This week, People of the Pod speaks with Jacob Kornbluh, the national politics reporter for Jewish Insider, as a wave of violent anti-Semitic attacks continues unabated in the United States.
Ranging from verbal harassment and physical assaults on the street, to shooting attacks such as the December 10 rampage on a kosher supermarket in Jersey City, New Jersey, which killed four people, the deadly violence recently culminated in a stabbing attack at a rabbi’s residence in Monsey, New York, where five Hasidic Jews were injured at a large gathering on the last night of Hanukkah, December 28.
The perpetrators of the attacks come from across the ideological spectrum, and include white supremacists, teens, minorities, and members of marginalized socioeconomic groups, further complicating attempts at finding a solution. Jewish communities around the country are being targeted, but in recent months the violence has been particularly focused on ultra-Orthodox Jews in the New York metropolitan area.
Weekly podcast People of the Pod is produced in partnership between the American Jewish Committee (AJC) and The Times of Israel to analyze global affairs through a Jewish lens.
“Things are definitely worse” today than ever before, Kornbluh tells co-host Seffi Kogen, explaining that the latest wave of assaults are not connected to standard crime levels, nor even to more commonplace anti-Semitism, such as vandalism and graffiti.
“Until recently we haven’t experienced a period — and especially in the past two, three months — where it’s been pretty tough on almost a daily basis, where the hatred towards Jews has become more violent,” Kornbluh says.
“If it’s a punch in the face, you can deal with it, there’s law enforcement to deal with it,” he says. “But what happens when somebody takes a gun, or a knife, like it happened last week and three weeks ago in Jersey City?”
Kornbluh says that local politicians and authorities, including mayors, governors, and police, express solidarity and heighten security in the days immediately following major attacks, “but what happens after four or five days, where everything is calm, everybody is back to normal. Nobody is out there monitoring if there’s increased police presence. Nobody is out there to see if the community is still feeling safe. And based on my knowledge, and me being in the community watching where there might be some heightened security for a short period, the community is not safe because they don’t know what’s next.”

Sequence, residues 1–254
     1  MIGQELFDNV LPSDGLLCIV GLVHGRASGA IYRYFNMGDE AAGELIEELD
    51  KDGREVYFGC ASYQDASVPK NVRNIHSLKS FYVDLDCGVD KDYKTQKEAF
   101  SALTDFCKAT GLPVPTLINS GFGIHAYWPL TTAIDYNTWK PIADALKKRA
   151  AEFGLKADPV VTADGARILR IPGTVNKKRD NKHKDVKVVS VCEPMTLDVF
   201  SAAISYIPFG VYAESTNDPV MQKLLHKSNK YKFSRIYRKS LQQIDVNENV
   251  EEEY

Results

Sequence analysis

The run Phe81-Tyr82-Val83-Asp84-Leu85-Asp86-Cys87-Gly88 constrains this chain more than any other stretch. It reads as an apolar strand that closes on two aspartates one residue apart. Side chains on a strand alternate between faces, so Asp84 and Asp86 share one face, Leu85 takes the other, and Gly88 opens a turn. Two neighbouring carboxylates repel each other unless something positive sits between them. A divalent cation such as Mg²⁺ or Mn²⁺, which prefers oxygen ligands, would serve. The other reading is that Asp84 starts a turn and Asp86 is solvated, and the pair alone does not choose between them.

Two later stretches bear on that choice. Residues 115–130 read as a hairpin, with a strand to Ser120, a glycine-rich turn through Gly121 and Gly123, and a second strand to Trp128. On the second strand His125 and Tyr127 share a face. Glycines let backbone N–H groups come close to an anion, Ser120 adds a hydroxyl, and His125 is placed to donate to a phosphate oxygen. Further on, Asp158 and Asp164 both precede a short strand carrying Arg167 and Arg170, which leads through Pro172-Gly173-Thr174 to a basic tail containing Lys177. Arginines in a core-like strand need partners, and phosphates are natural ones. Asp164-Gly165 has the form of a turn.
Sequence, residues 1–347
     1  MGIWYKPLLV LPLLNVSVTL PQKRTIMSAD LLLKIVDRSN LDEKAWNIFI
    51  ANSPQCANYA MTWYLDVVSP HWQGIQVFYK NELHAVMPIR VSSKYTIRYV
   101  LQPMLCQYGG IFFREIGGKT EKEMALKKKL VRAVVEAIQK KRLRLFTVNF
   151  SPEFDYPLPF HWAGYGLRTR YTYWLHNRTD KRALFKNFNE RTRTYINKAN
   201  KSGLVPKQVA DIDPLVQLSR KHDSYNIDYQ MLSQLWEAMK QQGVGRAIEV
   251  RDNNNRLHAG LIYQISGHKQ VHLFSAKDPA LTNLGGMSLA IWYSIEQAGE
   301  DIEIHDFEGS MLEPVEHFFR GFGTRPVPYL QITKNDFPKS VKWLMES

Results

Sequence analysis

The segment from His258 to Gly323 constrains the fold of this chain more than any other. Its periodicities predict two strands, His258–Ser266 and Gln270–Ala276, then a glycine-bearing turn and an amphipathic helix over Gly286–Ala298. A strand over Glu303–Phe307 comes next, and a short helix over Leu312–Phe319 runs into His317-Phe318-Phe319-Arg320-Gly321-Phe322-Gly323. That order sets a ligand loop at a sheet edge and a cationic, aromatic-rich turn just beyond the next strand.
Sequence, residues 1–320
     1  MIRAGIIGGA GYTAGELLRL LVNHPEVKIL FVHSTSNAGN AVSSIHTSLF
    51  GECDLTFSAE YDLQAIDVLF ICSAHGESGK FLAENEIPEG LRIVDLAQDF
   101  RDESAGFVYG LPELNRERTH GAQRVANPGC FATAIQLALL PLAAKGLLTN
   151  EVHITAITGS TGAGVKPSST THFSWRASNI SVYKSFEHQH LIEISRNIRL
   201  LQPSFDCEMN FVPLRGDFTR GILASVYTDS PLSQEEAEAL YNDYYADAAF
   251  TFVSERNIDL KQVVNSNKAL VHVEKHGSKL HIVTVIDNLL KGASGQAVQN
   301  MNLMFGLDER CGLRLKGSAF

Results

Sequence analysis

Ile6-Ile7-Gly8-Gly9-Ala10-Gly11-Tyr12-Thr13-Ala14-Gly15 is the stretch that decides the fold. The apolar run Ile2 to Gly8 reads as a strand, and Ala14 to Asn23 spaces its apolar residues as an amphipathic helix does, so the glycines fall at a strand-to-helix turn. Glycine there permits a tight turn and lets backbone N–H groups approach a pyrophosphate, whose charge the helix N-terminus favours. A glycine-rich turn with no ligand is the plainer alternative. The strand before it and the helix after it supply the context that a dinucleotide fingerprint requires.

State and city governments care about the ultra-Orthodox communities, Kornbluh says, but when it comes to allocating budgets for long-term security — and also for affordable housing and for education — “because we are different, because we have a different lifestyle, don’t assimilate… there is this feeling that the Jews can take care of themselves.”
Next, ahead of the closing curtain for the Yiddish-language “Fiddler on the Roof” production this weekend, co-host Manya Brachear Pashman speaks with Max Lewkowicz, director of the documentary “Fiddler: Miracle of Miracles,” about how the play became such a global sensation.
Lewkowicz says that his film studies why, over thousands of productions spanning more than five decades, audiences keep coming back to see this “great art.” Viewers can connect in a very special way with the universal themes of the show, Lewkowicz says.
“I’ve seen nuns crying at the show on Broadway. All over the world, in Japan and different locations, people connect to family, people connect to xenophobia, and racism, and women’s rights, and it seems like it never goes away because people relate to all the elements,” Lewkowicz says.
While wars may rage and political rifts can cause division on the national level, “we keep fighting as people and all that, but this is a way to connect to something that’s of substance,” he says.